In our experience for a new single family house a complete set of filing drawings for the DOB is usually around 25 sheets more or less depending on how big the house is. To print a 24 x 36 inch Black and White architectural drawing can cost $3.00 to $4.00 per page not counting tax. That means you will spend $100 to print one 25 page set of architectural plans. It gets worse. When submitting paper plans to the DOB you usually take at least 2 copies for the initial filing. Now we are up to $200 in printing for a new single family house. Oh … it gets worse. The plan examiner(s) use these 2 drawing sets to take notes on (Plan examiners are architects and engineers who work for the DOB to review drawings for zoning and code compliance). The plan examiners take notes on the drawings submitted during the review process. When the job is ready for approval the architect comes with 3 new sets to the DOB, that is an additional 300 in printing, making it $500.00 in printing just for 1 single family house. At least 2 preliminary sets and 3 sets for final approval 5 sets at 100 per set of drawings. Forget about if you have multiple rounds of reviews and revisions. You are also saving on the time it takes to print, sign & seal (The Architect of Record has to sign and stamp every single sheet), and then have someone take the drawings to the department of buildings wait online and submit them.
Uploading drawings can save a great deal of money, natural resources, and of course time.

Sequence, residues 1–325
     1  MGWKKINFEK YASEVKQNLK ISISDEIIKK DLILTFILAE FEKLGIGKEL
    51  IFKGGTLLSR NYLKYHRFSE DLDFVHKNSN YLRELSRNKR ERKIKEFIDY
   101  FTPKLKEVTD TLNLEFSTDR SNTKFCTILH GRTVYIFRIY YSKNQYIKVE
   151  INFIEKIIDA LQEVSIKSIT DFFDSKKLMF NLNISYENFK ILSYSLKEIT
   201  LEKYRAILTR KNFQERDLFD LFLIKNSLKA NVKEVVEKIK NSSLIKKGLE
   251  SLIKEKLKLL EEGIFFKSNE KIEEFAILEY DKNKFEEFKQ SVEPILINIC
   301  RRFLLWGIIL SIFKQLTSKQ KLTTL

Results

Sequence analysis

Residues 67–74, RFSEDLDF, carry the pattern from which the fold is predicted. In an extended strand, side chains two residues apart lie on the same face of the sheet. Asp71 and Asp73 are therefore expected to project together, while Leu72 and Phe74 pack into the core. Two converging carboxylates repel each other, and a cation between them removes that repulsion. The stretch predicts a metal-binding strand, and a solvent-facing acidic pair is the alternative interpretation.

Online Plan Exams via Webcam
A plan exam is an appointment between the DOB plan examiner and the Architect or Engineer. This is now done via webcam on Hub jobs, as an option you can go to the Hub’s office in person and meet in a conference room but I have never found that to be necessary. I quite like doing the plan exam from my own office it is especially helpful because I usually have one of my staff on standby in case the plan examiner asks for something. Here is an example a plan examiner once asked for additional information on a form during our webcam review. I had a junior architect on standby for such an occurrence, he quickly jumped on his computer revised the form and uploaded it before the plan exam was over. The plan examiner was able to review the revised form immediately. The webcam review is a great convenience. One additional requirement is that the Hub requires a licensed architect to do the plan exams. At the borough office that is not a requirement I would think if a client is paying a lot of money to an architect they would want that architect to be present for the plan exam. I always go to every plan exam for my projects even if it is not required.
No need for Filing Representatives
The Department of Buildings certifies people as filing representatives (often called expediters or filing reps). The word expediter is deceiving because they actually do not have any power to make anything move faster their profession exists as a matter of convenience to make it so an architect or engineer does not always have to appear in person at the DOB. When filing online it greatly reduces the need to pay a filing representative to stand around on line to file documents at the DOB. This can save thousands of dollars on a single job.
We do so many things online yet the majority of New York architects are still filing their jobs at the borough offices, and the truth of the matter is I have done both and I have no explanation why so many NYC architects have not caught on yet. I highly recommend people considering filing their jobs online.
Author Jorge Fontan AIA
This post was written by Jorge Fontan, a Registered Architect and owner of Fontan Architecture.